Freshers’ Week is the most anticipated week of the whole year for students, regardless of whether it’s your first time around or not. But with that much hype, it’s only natural for some things to not work out as you first expected.
Don’t get me wrong, Freshers’ Week can be a brilliant time. It’s when you first begin to settle in, make friends and figure out the place you’ll now be calling home for the next few years.
But in this post I’m going to talk about the most hyped up events and my personal experience of them to let you know that things aren’t always as they seem:
Expectation #1: You’ll be out every night
Reality: Come Tuesday and you’re already shattered. As much as you’re loving your new freedom and independence, you’re not quite sure if you can face another night of Jägerbombs, cheap vodka and sticky club floors. Your days are a blur as you spend most of your introductory sessions trying to stay awake and preparing yourself for the next night’s events.
If you’re like me you’ll push on through, with claims of “I’m going to do Freshers’ properly”, before crashing at the end of the week and spending your last weekend before classes in bed recovering.
However, it is totally okay to have a night off. A night in your new accommodation, chilling with your flatmates with a movie or even going out for a meal together can be a lovely break. You can still socialise and have a good time without clubs or alcohol!
Expectation #2: You’ll make loads of friends
Reality: You might, you might not. The trick here is not to be too disappointed if you come out of the week with only a handful of new acquaintances.
In a week full of events aimed at making people socialise with one another, it’s obvious that you’ll come away from it having make at least one friend. However, because Freshers’ is so jammed packed and there’s so many things you want to fit in, it can be hard to seriously bond with loads of people.
You will get to know a lot of new people and recognise many different faces throughout the events. And this may well eventually lead to friendships. It can take a while to develop proper, true friendships meaning the people you bond with initially in Freshers’ week may not be there by the end of the year.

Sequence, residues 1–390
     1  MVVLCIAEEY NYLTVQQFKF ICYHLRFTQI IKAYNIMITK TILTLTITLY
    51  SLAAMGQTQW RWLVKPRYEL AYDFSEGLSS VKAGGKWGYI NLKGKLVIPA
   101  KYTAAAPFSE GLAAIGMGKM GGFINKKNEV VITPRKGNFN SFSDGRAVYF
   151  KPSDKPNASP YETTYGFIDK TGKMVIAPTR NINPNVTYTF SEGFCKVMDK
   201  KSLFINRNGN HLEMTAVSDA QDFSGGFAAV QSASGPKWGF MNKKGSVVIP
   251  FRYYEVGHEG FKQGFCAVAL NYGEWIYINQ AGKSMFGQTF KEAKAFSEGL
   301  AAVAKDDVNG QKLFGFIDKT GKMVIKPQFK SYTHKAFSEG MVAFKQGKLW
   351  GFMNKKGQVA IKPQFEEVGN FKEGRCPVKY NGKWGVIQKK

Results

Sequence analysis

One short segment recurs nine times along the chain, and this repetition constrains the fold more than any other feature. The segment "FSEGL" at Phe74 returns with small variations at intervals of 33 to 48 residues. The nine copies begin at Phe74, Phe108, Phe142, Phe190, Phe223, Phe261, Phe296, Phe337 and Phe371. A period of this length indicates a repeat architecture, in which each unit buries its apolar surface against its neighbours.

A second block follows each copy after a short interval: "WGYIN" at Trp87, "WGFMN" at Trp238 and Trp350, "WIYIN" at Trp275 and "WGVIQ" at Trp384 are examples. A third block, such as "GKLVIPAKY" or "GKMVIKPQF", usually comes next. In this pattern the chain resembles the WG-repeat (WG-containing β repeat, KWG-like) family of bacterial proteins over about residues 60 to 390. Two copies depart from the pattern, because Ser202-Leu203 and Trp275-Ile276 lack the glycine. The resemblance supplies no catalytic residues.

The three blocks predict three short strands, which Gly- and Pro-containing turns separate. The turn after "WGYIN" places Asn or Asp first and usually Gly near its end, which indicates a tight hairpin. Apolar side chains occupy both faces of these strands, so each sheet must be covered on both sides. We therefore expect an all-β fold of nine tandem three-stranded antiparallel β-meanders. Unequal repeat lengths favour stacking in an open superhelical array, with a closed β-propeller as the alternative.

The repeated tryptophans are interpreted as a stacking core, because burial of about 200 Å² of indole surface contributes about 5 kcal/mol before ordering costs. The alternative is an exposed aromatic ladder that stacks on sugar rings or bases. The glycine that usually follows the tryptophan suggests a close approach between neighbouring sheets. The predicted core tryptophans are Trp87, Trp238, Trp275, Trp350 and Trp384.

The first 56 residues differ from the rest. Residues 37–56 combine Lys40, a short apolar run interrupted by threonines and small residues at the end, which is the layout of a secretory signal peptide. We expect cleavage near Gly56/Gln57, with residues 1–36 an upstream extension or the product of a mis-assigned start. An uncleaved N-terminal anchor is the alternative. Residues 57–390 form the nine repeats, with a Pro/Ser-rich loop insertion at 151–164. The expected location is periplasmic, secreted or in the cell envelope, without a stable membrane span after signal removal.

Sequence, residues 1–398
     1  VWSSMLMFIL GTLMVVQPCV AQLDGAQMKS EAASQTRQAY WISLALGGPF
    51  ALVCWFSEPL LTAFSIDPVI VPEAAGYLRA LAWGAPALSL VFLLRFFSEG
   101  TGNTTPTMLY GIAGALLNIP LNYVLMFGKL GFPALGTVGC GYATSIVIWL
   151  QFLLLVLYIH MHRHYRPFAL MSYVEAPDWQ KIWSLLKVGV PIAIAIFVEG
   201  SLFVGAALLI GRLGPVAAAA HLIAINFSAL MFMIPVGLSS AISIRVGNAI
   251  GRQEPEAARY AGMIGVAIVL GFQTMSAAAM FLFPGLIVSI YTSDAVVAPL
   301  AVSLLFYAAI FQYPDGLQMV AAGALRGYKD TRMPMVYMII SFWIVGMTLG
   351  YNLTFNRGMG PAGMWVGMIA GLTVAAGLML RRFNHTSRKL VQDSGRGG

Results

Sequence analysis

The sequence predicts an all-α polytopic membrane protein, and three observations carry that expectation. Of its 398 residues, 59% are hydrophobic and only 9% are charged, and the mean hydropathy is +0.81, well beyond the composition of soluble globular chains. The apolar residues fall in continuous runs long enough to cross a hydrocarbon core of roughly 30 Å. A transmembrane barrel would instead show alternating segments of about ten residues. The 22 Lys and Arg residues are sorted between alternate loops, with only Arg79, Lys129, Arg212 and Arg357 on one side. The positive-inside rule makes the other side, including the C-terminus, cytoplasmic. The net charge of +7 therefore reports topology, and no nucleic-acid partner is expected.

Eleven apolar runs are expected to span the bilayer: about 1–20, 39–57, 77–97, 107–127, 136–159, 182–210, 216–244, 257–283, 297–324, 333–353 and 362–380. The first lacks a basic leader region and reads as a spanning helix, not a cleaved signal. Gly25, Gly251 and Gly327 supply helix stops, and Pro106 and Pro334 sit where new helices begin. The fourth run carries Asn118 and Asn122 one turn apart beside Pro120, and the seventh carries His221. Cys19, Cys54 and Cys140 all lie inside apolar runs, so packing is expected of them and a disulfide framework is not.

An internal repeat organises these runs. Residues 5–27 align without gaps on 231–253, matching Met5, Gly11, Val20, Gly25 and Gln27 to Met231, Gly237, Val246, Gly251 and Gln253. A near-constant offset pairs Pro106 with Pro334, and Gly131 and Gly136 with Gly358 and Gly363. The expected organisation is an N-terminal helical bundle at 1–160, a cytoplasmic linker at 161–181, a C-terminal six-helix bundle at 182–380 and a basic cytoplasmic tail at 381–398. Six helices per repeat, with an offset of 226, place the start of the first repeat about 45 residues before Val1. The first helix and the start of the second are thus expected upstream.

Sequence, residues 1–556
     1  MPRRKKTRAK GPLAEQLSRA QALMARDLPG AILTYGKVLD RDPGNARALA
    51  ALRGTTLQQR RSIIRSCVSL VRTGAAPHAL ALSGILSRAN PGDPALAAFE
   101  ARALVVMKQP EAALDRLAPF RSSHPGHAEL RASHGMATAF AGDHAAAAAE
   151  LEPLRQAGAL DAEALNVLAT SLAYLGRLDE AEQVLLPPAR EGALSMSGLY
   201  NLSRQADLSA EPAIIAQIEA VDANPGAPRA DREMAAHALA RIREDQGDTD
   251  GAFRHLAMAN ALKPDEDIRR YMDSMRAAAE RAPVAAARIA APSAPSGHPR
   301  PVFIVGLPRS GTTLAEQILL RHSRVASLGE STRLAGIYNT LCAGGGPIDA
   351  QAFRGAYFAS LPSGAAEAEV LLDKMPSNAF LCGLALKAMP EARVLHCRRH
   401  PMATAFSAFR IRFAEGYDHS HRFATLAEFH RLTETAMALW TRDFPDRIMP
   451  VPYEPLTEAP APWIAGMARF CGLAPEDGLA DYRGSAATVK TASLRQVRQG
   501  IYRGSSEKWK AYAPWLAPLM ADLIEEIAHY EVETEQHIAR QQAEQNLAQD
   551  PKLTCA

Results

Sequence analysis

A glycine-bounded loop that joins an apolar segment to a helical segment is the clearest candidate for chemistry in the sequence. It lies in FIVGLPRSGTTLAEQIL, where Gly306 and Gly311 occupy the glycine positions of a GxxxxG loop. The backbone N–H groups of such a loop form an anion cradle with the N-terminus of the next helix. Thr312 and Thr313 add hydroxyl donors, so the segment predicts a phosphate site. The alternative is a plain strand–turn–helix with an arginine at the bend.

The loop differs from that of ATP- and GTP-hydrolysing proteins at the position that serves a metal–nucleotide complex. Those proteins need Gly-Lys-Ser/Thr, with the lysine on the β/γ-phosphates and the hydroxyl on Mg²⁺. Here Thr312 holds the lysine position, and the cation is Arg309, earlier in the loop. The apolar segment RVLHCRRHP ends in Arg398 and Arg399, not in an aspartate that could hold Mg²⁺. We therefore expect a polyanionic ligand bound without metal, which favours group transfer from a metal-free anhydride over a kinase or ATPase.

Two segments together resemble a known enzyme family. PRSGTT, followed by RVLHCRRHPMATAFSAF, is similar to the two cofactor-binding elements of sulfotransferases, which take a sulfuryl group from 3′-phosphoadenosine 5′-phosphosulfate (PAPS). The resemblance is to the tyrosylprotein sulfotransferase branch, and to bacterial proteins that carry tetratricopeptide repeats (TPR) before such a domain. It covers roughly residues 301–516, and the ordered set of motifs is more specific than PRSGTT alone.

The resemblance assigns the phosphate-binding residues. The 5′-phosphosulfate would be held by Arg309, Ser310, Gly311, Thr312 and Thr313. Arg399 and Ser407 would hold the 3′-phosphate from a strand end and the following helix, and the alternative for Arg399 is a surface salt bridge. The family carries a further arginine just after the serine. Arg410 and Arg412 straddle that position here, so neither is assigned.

This is a personal thing at the end of the day as it depends on how social you are. But don’t worry you will make friends, I promise. Just don’t expect it to happen all at once!
Expectation #3: Freshers’ Week is just non-stop fun
Reality: It’s actually pretty hard. Bearing in mind you’ve moved away from your home; you’re now living with strangers and you’re trying to figure everything out, things can get a little bit too much sometimes.
You’re completely thrown into the deep end in Freshers’ Week with everything being so new and different and it can be a bit scary. But it’s okay. You need to remember that literally everyone else is in the same boat and you need to help each other to keep things moving.
Homesickness, fear and tiredness are all normal symptoms of Freshers’ Week (and often any other week at university!) so try not to worry yourself too much and stick together with your flatmates and new friends and you can all help one another cope with the changes.
Although this post may have been a bit bleak and a little more negative my others, I want to remain totally honest on this blog. These are just some of the ways things can feel a little less than brilliant during Freshers’ Week but that doesn’t mean you won’t have a good time!
I hope you do have a brilliant Freshers’- whether that just be the week or your whole first year. If you’ve already had you’re Freshers’ Week, feel free to share your own stories with us.